# Math Lesson Where is pi on the number line?

```mathlinE lesson
Formulae (infinite sums or products) for pi
Where is pi on the number line?
(Suitable for year 7 to 10)
3.14159 26535 89793 23846 26433 83279 50288
41971 69399 37510 58209 74944 59230 78164
062... ... ...
This non-terminating and non-recurring number is the
most famous of all numbers. Many past (and present)
mathematicians were fascinated by this number.
Some spent much of their lives on the calculation of
this number. It is called pi, and its symbol is  .
It is the ratio of the circumference of a circle to its
C
diameter, i.e.   .
d
A= 
C
d
r=1
It is also the area of a unit circle (a circle of radius 1
unit).
The following fractions were used to calculate the
approximate value of  .
25
The Babylonians, 2000BC,  
8
 16 
Ahmes, Egyptian, 1600BC,    
9
22
Archimedes, Greek, 250BC,  
7
377
Ptolemy, Greek, 110,  
120
355
Zu Chongzhi, Chinese, 480,  
113
2
Francois Viete, French, 1592,

1

2
1 1 1 1 1 1 1 1 1



......
2 2 2 2 2 2 2 2 2
John Wallis, English, around 1600,
 2 2 4 4 6 6 8 8 10 10
           ......
2 1 3 3 5 5 7 7 9 9 11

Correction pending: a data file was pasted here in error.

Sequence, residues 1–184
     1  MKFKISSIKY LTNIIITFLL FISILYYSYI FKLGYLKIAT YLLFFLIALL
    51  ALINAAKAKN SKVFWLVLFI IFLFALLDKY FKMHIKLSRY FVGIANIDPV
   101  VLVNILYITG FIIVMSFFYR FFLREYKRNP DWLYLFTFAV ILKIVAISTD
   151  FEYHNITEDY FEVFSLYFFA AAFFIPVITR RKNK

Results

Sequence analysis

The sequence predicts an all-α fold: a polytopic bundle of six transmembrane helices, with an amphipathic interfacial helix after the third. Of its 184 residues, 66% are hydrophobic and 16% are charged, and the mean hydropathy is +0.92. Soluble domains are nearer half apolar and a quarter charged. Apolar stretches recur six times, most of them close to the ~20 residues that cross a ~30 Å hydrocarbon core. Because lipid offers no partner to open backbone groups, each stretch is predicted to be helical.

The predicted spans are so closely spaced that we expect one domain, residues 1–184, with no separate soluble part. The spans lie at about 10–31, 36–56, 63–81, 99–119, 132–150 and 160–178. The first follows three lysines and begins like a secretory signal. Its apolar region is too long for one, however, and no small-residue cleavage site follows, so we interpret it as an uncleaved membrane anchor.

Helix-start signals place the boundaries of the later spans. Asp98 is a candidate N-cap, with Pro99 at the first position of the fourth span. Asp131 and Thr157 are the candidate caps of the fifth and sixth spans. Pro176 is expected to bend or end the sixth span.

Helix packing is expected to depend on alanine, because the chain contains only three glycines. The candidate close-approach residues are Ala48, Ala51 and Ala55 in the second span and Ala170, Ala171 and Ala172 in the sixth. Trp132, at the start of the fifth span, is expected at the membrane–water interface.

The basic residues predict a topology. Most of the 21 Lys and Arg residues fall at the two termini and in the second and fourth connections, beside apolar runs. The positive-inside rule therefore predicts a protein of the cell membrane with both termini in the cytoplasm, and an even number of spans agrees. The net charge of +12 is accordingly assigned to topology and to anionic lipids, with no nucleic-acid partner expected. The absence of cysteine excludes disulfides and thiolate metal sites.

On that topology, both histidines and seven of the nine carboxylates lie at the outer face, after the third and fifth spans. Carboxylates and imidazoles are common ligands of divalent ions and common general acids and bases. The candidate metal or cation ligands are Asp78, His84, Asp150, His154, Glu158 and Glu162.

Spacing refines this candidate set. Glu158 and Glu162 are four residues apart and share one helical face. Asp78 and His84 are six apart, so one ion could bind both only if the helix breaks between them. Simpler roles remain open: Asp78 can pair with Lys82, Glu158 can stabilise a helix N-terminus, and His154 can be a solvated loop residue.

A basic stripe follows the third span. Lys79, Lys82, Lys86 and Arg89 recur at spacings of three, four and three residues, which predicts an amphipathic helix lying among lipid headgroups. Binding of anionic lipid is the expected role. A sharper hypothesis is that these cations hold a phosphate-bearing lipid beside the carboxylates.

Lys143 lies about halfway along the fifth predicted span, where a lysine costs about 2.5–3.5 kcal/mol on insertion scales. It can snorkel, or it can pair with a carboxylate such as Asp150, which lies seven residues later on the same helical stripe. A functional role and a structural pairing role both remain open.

Gottfried Leibniz, German, 1673,
 1 1 1 1 1 1 1 1 1
          ......
4 1 3 5 7 9 11 13 15 17
Others,
 2 1 1 1 1 1 1 1 1
         ......
4
1 3 5 7 9 11 13 15
 3
1
1
1



 ......
4
2  3 4 4  5 6 6  7  8
2 1 1 1
1
1
1
 2  2  2  2  2  2  ......
6 1
2
3
4
5
6
2
2
2
2

2
3
5
72
112
 2
 2
 2
 2
 2
 ...
6
2  1 3  1 5  1 7  1 11  1
2 1 1 1
1
1
1
 2  2  2  2  2  2  ......
8 1
3
5
7
9
11
Although the value of pi can be calculated by any of
the above definite processes, there is no apparent
pattern at all in the decimal expansion of pi.
Nowadays with the help of fast computers and
improved computational algorithms,  can be
calculated to a huge number of decimal places. The
lattest record is 206 158 430 000 decimal digits, it
was declared in 1999 by Kanada and Takahashi.
103993
,
33102
1,019,514,486,099,146

.
324,521,540,032,945
Johann Lambert, Swiss-German, 1750,  
Srinivasa Ramanujan, Indian, 1910,  
99 2
2206 2
63 17  15 5

.

257  15 5 
Exercise
(1) Change the above fraction-approximations of pi
to decimals, correct to as many decimal places as
possible.
(2) Use the above formulae to calculate the decimal
value of pi, correct to as many decimal places as
possible.
```